Featured Research

from universities, journals, and other organizations

Bitcoin open to takeover, researchers discover with new algorithm

Date:
November 4, 2013
Source:
Cornell University
Summary:
A major flaw that has gone unrealized until now leaves the $1.5 billion Bitcoin market open to manipulation and a potential takeover, according to a new study by computer scientists.

A major flaw that has gone unrealized until now leaves the $1.5 billion Bitcoin market open to manipulation and a potential takeover, according to a new study by two Cornell University computer scientists.

Bitcoin is a peer-to-peer online currency that is rapidly gaining mainstream acceptance. Instead of exchanging physical coins, users of Bitcoin use the Internet to record money transactions in a global ledger. This ledger is maintained by a peer-to-peer network of computers called miners, who are compensated with Bitcoins for their efforts. Conventional wisdom asserts that Bitcoin is secure against colluding minority groups of miners.

But post-doctoral fellow Ittay Eyal and Prof. Emin Gün Sirer have discovered that the conventional wisdom is wrong. In a paper that was released on ArXiv today, they describe a mining strategy they call Selfish-Mine, which allows a group of colluding miners, known as a mining pool, to earn more than its fair share of compensation. Moreover, large mining pools can use this strategy to increase their revenue even more, at the expense of honest miners.

The implications of this result are devastating for the system, say Eyal and Sirer. Once a selfish mining pool forms, other miners will want to join that pool to increase their revenue. This process could lead to a takeover, where the selfish miners become a majority, control the global Bitcoin ledger, and the decentralized nature of the currency collapses.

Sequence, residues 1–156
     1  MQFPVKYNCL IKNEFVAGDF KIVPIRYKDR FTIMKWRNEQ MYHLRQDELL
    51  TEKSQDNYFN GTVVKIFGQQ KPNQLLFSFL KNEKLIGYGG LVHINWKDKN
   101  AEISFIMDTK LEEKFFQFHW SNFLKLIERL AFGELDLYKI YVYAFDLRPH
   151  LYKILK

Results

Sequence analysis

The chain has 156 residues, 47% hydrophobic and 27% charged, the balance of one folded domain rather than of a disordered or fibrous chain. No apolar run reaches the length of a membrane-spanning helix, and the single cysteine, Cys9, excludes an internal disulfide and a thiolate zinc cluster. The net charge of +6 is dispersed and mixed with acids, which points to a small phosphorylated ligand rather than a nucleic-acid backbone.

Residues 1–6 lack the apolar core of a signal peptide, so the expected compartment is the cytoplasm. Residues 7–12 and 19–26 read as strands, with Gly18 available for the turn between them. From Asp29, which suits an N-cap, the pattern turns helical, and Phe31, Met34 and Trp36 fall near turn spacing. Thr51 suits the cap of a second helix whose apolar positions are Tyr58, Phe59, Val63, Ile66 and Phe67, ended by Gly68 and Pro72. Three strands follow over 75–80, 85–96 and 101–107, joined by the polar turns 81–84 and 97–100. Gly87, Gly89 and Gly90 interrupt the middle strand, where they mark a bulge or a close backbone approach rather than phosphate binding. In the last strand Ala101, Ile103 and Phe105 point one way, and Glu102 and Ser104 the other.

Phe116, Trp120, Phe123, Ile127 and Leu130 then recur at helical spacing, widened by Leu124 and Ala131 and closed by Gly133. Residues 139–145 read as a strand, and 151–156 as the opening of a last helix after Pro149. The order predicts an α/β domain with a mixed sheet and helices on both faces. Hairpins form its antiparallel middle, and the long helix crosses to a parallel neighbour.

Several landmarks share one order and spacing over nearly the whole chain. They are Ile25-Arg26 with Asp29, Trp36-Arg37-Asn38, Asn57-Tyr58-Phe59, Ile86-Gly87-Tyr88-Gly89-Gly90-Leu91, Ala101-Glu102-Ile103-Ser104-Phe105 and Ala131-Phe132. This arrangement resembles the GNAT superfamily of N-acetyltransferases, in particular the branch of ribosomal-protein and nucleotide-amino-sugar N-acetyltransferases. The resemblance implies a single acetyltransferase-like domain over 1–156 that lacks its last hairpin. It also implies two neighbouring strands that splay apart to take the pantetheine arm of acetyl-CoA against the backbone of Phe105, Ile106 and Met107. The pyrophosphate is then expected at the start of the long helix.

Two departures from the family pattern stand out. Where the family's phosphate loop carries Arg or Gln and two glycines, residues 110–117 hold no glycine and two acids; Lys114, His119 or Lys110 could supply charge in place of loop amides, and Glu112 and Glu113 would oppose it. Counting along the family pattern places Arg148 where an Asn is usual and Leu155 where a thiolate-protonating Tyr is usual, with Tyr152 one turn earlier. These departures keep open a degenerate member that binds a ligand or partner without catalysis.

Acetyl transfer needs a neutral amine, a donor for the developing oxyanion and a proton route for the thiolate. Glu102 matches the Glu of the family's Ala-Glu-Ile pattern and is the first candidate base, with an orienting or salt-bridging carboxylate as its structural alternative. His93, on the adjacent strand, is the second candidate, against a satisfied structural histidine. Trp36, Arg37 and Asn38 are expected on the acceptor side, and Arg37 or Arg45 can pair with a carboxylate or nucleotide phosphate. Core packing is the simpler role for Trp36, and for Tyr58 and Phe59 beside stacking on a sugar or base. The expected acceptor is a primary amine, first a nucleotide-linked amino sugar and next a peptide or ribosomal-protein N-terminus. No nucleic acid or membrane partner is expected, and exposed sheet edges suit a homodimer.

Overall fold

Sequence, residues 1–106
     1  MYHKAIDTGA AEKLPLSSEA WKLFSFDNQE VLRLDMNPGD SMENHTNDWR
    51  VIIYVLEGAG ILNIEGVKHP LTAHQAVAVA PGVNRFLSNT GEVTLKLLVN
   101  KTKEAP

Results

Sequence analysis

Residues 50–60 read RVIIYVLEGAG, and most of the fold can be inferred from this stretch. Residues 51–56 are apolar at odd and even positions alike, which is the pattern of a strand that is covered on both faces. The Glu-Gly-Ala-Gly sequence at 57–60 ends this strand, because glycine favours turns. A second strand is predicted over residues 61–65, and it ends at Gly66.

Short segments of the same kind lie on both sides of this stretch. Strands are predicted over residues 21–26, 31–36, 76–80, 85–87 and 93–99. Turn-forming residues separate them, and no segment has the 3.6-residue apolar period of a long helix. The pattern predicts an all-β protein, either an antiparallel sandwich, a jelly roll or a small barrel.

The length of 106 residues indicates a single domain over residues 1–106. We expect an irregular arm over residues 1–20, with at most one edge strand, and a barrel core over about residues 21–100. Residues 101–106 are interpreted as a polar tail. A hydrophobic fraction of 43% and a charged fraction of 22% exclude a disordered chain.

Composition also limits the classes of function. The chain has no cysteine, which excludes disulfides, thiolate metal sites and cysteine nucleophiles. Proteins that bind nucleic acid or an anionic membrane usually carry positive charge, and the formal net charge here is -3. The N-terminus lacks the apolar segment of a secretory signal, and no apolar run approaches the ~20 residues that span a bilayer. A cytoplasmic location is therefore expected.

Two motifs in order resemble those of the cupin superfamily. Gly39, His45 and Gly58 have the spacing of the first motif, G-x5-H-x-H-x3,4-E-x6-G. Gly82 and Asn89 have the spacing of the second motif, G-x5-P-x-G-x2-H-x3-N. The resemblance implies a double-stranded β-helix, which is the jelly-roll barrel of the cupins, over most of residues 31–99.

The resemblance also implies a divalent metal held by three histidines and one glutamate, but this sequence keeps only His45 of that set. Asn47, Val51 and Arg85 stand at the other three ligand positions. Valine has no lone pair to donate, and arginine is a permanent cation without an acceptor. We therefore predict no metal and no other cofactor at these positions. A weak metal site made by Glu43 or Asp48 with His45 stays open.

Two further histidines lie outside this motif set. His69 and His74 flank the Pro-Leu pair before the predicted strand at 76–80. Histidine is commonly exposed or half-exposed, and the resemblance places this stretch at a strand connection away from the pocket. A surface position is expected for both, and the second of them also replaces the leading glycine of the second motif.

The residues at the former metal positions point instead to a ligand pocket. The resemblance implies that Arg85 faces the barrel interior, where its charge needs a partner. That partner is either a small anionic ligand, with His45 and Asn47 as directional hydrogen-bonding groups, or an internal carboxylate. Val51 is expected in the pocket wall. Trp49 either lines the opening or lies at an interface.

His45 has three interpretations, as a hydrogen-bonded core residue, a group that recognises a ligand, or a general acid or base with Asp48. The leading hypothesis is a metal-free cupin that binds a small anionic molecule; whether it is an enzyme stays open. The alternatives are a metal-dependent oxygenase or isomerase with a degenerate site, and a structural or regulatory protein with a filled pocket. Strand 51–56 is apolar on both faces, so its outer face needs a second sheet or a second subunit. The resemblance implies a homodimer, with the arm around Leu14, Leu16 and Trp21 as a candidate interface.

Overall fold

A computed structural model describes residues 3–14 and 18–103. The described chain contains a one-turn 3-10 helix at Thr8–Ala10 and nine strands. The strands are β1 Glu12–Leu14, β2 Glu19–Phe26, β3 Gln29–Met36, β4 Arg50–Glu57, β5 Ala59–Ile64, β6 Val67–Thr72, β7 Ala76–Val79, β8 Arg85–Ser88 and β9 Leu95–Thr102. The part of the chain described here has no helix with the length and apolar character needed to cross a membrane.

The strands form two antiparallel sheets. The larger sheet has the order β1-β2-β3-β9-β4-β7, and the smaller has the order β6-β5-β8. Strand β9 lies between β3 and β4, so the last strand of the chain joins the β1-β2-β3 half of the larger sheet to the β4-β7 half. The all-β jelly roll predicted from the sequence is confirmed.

Currently, any pool can employ Selfish-Mine and start a mudslide. Eyal and Sirer suggest a practical fix of the protocol that would prevent pools smaller than 1/4th of the system from employing Selfish-Mine. They warn, however, than pools this large do exist today (for benign reasons), and they should be dismantled for the system to be immune to selfish mining.

This result implies a new bound, requiring 3/4 of the miners to be honest. This bound is significantly higher than the wrongly-believed 1/2. The authors believe, though, that "the Bitcoin ecosystem is strong enough to maintain such a large majority of honest miners." The question is -- can the miners operating today adopt the suggested fix and dismantle too-large pools before a selfish mining pool arises?


Story Source:

The above story is based on materials provided by Cornell University. Note: Materials may be edited for content and length.


Journal Reference:

  1. Ittay Eyal and Emin Gun Sirer. Majority is not Enough: Bitcoin Mining is Vulnerable. Submitted to ArXiv, 2013 [link]

Cite This Page:

Cornell University. "Bitcoin open to takeover, researchers discover with new algorithm." ScienceDaily. ScienceDaily, 4 November 2013. <www.sciencedaily.com/releases/2013/11/131104112234.htm>.